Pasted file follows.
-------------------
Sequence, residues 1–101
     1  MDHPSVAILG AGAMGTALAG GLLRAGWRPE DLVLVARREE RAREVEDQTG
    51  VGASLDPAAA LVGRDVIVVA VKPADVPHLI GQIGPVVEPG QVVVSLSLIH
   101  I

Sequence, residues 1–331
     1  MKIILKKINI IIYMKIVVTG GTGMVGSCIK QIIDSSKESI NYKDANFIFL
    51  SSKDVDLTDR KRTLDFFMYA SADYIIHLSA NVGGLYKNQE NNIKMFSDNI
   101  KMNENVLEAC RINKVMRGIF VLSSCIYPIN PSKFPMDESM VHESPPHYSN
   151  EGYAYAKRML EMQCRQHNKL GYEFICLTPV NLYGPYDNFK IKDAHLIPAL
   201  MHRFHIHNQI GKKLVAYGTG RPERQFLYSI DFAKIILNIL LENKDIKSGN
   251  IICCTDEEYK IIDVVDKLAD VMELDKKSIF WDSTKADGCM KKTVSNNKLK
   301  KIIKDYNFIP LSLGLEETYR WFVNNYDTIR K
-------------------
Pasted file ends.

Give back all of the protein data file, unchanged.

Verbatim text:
Sequence, residues 1–101
     1  MDHPSVAILG AGAMGTALAG GLLRAGWRPE DLVLVARREE RAREVEDQTG
    51  VGASLDPAAA LVGRDVIVVA VKPADVPHLI GQIGPVVEPG QVVVSLSLIH
   101  I

Sequence, residues 1–331
     1  MKIILKKINI IIYMKIVVTG GTGMVGSCIK QIIDSSKESI NYKDANFIFL
    51  SSKDVDLTDR KRTLDFFMYA SADYIIHLSA NVGGLYKNQE NNIKMFSDNI
   101  KMNENVLEAC RINKVMRGIF VLSSCIYPIN PSKFPMDESM VHESPPHYSN
   151  EGYAYAKRML EMQCRQHNKL GYEFICLTPV NLYGPYDNFK IKDAHLIPAL
   201  MHRFHIHNQI GKKLVAYGTG RPERQFLYSI DFAKIILNIL LENKDIKSGN
   251  IICCTDEEYK IIDVVDKLAD VMELDKKSIF WDSTKADGCM KKTVSNNKLK
   301  KIIKDYNFIP LSLGLEETYR WFVNNYDTIR K